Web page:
China Plans To Launch A Live-In Space Lab Tomorrow
Tiangong-2 will be home to two astronauts for 30 days
In 2011, Congress ruled that China is not allowed on the International Space Station because of “national security” concerns. Undeterred, the People’s Republic decided to build its own.
Tiangong-1, which launched in 2011, was the first step in that direction. The unmanned prototype served as a practice for docking spacecraft, and played host to a short manned mission. Now China’s ready for part 2: sending astronauts to live in space for the longer term.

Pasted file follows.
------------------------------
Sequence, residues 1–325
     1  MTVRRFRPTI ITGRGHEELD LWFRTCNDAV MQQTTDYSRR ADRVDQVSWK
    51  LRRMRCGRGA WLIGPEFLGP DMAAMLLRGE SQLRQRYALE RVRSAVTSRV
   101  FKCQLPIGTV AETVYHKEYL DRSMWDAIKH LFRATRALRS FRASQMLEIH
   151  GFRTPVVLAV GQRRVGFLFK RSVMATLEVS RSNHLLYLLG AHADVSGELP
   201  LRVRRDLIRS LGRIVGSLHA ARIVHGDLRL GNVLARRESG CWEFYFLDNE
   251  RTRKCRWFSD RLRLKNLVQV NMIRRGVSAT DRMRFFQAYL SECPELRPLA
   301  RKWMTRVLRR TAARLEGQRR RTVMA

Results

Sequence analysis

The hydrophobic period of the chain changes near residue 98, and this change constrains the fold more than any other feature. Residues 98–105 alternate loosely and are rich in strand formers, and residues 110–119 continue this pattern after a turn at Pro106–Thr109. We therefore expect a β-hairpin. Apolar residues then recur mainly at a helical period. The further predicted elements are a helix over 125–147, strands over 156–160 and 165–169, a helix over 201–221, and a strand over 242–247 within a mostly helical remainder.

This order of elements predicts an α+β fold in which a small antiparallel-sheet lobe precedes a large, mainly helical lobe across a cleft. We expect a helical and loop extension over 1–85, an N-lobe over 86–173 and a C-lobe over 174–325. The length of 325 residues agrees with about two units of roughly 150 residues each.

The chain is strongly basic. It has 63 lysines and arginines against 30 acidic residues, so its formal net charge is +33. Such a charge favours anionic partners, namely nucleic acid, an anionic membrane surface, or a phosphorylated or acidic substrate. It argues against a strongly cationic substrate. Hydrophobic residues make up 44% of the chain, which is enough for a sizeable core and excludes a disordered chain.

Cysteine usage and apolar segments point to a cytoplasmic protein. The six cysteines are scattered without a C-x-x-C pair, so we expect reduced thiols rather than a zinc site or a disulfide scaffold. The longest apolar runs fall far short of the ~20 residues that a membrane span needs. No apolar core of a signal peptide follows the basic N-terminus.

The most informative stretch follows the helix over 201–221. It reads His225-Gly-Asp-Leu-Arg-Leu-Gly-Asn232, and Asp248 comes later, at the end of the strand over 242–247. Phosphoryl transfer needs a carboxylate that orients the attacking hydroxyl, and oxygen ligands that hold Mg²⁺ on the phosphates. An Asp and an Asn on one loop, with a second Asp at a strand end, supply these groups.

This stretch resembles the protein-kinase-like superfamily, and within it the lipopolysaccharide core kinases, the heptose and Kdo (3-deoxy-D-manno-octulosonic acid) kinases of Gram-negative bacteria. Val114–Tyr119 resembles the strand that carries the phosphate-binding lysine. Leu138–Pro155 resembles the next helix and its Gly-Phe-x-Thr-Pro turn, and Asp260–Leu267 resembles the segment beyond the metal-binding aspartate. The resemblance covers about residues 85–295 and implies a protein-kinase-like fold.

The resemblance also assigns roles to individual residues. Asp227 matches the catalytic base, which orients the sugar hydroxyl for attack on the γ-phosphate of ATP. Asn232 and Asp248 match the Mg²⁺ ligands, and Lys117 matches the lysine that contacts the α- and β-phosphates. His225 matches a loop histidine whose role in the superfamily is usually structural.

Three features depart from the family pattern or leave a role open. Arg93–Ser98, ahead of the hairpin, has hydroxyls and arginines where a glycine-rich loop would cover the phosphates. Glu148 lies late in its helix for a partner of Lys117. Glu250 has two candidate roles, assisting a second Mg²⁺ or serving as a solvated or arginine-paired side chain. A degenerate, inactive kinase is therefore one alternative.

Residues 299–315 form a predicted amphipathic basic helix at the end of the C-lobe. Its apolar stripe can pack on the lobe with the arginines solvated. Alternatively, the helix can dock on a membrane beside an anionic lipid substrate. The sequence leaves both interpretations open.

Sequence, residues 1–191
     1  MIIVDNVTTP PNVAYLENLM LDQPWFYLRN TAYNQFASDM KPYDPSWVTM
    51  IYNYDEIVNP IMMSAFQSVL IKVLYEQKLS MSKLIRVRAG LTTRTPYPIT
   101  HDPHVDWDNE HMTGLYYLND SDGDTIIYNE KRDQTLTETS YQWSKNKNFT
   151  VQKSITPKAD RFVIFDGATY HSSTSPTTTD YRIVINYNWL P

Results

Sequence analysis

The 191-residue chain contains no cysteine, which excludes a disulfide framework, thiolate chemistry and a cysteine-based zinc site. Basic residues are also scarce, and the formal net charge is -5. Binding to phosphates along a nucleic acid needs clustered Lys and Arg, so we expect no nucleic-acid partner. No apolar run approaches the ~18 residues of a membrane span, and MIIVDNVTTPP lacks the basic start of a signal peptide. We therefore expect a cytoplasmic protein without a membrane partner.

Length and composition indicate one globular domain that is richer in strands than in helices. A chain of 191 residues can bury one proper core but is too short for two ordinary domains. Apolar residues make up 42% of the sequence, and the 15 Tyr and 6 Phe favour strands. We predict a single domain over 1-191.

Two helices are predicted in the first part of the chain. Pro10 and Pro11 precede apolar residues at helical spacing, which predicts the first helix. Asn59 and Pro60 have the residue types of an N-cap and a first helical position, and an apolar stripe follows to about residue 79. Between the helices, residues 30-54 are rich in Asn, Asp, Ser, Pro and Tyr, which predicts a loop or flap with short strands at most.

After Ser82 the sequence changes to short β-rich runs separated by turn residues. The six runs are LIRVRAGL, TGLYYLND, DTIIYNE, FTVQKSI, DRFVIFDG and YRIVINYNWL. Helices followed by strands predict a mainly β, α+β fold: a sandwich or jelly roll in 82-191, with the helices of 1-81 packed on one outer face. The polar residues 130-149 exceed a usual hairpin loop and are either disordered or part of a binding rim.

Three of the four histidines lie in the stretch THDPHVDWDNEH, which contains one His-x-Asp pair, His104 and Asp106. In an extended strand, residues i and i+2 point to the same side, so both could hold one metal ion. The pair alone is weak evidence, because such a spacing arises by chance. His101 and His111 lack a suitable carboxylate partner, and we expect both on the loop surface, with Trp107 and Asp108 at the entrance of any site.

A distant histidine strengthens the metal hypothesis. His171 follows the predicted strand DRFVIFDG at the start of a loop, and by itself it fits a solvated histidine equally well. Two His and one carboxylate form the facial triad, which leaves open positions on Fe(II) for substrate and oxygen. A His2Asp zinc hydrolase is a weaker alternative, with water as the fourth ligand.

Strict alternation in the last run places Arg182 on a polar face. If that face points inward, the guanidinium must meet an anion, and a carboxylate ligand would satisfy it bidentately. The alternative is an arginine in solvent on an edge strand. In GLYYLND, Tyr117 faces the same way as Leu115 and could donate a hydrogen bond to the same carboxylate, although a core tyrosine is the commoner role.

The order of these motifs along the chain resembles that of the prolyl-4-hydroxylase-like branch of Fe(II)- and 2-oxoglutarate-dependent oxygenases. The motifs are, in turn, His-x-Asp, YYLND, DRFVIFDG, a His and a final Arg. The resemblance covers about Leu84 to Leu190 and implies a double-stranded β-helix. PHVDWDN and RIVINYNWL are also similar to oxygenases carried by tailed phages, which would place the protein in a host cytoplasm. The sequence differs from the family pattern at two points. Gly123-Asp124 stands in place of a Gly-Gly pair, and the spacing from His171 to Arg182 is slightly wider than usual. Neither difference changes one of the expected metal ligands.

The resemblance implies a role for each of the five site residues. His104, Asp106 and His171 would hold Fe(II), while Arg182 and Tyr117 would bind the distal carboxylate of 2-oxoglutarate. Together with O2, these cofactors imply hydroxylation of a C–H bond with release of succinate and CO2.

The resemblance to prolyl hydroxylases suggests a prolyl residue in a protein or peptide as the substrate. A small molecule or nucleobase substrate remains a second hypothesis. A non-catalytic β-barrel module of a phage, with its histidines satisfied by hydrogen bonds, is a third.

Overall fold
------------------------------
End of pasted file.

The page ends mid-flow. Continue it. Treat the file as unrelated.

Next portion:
Tiangong-2 will launch from China’s Gobi Desert at 10:04 p.m. local time on Thursday. A Long March 2F rocket will carry it into orbit 244 miles above the Earth. Then, in October, a crew of two astronauts will travel to the 34-foot-long lab and live there for 30 days.
There, they’ll perform “[e]xperiments related to medicine, physics and biology, such as quantum key transmission, space atomic clocks and solar storm research,” Chinese news agency Xinhua reports.
A third module, Tiangong-3, is expected to launch in the coming years. Its design will inform China’s large modular space station, a more permanent installation expected in the 2020s.